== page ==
**9 min read**
Do you agree with the following five observations? If so, the time is right for evaluation professionals to align.
By ‘align’ I do not mean coordination or doing away with healthy competition. I refer to sharing some broad goals as evaluation professionals who wish to contribute to the world. Sharing some common priorities, methods and resources. Working towards impactful communication about these. All with the intent to foster evaluative practice that can contribute meaningfully to a sustainable world at this time.
It means actively developing and sharing state-of-the-art knowledge on priority topics across evaluation professionals’ silos, while still maintaining diversity in purpose and action.
Alignment aims to accelerate the contributions of evaluative practice to the dramatic changes of which we are part, or that we need to help foster.
There is so much potential in this field of work, so much to be excited about, so much to do and learn.
Through COVID-19, many old ways of working, old norms and old systems around the world will be challenged. This is the time to work with new concepts, experts and power brokers in fields with which we are not familiar, and to work creatively to align our efforts.
Yet we find it difficult to work across the silos in our field. Or past the silos in our heads.
Is this the time to commit to using systems thinking and complexity science more frequently to promote systems change and transformation towards sustainable development? And to be more ‘together’ while doing so?
At the end of this post I explain what a few of us think can be done to contribute to such alignment.
One – Our field of work as evaluation professionals is exciting, valuable, continuously evolving. I am grateful every day for the privilege of working in a field that has to respect and integrate multiple worldviews, knowledge and value systems, contexts and experiences. Evaluative practice is uniquely positioned to inform the design and implementation of efforts to influence systems. Wonderful people from many parts of the world advance evaluation theory and practice in many different ways.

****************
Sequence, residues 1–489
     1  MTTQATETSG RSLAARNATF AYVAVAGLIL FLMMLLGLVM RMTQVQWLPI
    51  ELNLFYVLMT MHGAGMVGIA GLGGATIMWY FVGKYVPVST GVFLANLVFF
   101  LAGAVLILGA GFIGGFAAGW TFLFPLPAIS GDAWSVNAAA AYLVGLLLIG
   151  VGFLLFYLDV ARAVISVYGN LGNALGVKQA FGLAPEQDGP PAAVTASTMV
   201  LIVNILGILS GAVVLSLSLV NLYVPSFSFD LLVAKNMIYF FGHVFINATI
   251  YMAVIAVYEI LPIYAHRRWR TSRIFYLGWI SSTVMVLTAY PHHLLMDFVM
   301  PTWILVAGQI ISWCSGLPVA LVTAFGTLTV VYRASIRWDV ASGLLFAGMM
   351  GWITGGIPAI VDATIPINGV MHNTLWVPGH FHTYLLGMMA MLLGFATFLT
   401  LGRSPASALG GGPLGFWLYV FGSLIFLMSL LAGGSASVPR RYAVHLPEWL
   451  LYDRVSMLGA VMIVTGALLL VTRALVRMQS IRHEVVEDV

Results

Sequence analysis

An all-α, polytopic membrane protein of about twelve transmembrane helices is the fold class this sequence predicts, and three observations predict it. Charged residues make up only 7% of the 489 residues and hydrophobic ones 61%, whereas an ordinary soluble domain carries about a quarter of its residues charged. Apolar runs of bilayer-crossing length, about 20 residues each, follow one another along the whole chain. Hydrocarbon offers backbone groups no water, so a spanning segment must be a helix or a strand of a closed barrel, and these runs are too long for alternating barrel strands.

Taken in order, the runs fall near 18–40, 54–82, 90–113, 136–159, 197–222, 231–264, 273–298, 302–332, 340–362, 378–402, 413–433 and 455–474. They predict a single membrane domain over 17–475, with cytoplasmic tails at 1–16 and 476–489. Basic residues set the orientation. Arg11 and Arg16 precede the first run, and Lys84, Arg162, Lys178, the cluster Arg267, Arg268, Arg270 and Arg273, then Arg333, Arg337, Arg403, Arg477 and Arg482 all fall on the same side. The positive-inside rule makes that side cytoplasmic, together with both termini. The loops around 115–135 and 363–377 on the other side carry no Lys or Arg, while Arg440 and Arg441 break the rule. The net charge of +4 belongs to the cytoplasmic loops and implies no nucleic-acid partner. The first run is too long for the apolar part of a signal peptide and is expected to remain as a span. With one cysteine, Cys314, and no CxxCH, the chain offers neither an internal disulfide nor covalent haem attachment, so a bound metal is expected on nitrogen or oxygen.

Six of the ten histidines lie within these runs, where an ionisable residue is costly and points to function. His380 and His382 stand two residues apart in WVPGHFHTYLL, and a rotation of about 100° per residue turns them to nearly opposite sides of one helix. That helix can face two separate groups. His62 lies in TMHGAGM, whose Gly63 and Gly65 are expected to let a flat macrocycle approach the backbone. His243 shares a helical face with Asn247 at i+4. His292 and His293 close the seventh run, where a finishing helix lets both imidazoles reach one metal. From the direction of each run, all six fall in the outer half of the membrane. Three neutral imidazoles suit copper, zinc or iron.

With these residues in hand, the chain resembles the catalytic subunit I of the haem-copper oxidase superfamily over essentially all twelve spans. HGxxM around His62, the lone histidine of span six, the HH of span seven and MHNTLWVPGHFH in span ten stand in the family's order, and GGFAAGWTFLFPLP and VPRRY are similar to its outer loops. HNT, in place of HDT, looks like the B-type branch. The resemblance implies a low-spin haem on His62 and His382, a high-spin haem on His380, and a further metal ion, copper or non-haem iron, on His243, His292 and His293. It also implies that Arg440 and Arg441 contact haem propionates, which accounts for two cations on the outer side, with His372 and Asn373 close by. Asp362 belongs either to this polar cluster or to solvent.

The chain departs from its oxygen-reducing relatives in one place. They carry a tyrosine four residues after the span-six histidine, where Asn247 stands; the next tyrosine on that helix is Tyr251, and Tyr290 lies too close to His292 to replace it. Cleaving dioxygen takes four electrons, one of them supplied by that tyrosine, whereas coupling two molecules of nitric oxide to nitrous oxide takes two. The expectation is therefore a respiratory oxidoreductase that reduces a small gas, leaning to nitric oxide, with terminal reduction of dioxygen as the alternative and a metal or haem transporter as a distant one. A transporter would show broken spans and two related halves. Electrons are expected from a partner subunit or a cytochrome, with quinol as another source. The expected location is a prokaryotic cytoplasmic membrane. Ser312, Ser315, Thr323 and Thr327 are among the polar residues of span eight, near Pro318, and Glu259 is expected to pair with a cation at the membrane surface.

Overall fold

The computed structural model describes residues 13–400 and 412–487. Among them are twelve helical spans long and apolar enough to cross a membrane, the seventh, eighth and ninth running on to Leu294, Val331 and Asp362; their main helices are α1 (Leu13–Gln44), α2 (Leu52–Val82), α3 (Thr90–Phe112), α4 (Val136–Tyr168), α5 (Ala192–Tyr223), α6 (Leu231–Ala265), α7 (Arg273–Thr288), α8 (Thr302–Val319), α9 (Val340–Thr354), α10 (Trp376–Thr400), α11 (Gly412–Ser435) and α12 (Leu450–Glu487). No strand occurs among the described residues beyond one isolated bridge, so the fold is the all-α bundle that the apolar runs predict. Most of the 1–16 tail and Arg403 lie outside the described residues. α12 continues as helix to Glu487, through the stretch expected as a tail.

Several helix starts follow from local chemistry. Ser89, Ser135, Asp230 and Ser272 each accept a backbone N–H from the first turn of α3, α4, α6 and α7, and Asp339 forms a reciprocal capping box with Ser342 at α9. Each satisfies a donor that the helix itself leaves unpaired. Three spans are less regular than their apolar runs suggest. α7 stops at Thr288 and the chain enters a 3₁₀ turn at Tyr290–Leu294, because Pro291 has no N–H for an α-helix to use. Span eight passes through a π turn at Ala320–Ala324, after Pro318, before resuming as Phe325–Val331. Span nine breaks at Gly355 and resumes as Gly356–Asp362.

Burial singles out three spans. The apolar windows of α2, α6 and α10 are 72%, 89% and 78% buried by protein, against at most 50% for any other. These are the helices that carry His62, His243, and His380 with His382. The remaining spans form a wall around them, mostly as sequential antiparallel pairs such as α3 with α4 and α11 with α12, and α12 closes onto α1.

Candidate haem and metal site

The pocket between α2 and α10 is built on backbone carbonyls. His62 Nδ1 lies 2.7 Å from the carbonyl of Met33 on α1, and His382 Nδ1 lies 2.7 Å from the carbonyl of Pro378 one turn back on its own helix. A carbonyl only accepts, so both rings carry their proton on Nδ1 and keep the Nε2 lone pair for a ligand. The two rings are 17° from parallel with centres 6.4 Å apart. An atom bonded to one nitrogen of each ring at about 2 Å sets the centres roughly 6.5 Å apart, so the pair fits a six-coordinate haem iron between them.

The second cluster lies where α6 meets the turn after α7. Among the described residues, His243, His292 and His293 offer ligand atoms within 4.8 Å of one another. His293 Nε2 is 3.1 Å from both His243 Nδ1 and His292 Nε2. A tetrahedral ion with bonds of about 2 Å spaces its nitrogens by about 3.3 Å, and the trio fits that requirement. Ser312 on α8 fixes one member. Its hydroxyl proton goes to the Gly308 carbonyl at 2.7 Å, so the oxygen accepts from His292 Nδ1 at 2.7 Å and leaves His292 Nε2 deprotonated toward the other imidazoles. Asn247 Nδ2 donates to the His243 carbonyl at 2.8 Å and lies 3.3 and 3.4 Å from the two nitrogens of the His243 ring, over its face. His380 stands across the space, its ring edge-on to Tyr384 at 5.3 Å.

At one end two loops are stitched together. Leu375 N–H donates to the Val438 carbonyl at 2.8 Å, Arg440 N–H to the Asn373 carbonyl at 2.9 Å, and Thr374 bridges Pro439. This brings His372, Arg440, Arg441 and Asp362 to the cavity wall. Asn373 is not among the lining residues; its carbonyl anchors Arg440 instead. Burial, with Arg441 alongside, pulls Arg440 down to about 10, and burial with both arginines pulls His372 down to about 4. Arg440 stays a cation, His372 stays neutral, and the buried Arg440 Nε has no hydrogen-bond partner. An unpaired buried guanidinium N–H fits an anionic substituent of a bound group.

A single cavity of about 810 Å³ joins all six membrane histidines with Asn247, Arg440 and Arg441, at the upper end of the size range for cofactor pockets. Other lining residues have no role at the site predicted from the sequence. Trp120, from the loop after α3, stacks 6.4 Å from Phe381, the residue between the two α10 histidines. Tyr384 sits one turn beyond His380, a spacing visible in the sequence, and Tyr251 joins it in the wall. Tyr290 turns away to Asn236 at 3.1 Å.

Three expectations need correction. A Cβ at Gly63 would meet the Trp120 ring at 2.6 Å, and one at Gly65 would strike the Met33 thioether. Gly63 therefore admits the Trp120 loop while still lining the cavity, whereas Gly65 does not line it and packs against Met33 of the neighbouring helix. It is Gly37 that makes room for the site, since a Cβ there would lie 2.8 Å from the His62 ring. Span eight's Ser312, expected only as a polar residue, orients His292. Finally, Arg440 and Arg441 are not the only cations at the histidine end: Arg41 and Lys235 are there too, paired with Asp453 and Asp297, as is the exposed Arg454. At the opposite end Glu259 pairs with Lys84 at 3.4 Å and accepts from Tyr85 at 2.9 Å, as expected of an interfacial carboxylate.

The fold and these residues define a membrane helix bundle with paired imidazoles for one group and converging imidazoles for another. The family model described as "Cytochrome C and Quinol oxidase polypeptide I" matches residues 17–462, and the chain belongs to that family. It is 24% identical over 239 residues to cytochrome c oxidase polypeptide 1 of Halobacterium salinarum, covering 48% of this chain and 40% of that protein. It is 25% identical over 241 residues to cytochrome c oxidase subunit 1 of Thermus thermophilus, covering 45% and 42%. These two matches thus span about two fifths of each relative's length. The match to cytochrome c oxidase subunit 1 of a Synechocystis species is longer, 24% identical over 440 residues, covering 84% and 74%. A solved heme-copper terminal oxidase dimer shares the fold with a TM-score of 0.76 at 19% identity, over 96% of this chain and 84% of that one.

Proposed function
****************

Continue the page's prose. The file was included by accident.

We have the very important benefit of doing work that is intended to be immediately useful and used. This is an advantage that research, our sister-field-of-work, does not have.
We also have the explicit task to help make the world a better place.
What privilege, what luxury!
And yet ….
Two – We have to do much more to display the full value of evaluation for a new era. As the COVID-19 pandemic races around the world, evaluation struggles for space. Research studies and data overwhelm, yet evaluation professionals and studies are not present at influential tables. We have fumbled in proving the value of evaluation for the challenges facing humankind. Let us do our best to show the value of evaluation once the immediate heat of the pandemic is over and we move into sense-making in a changed world.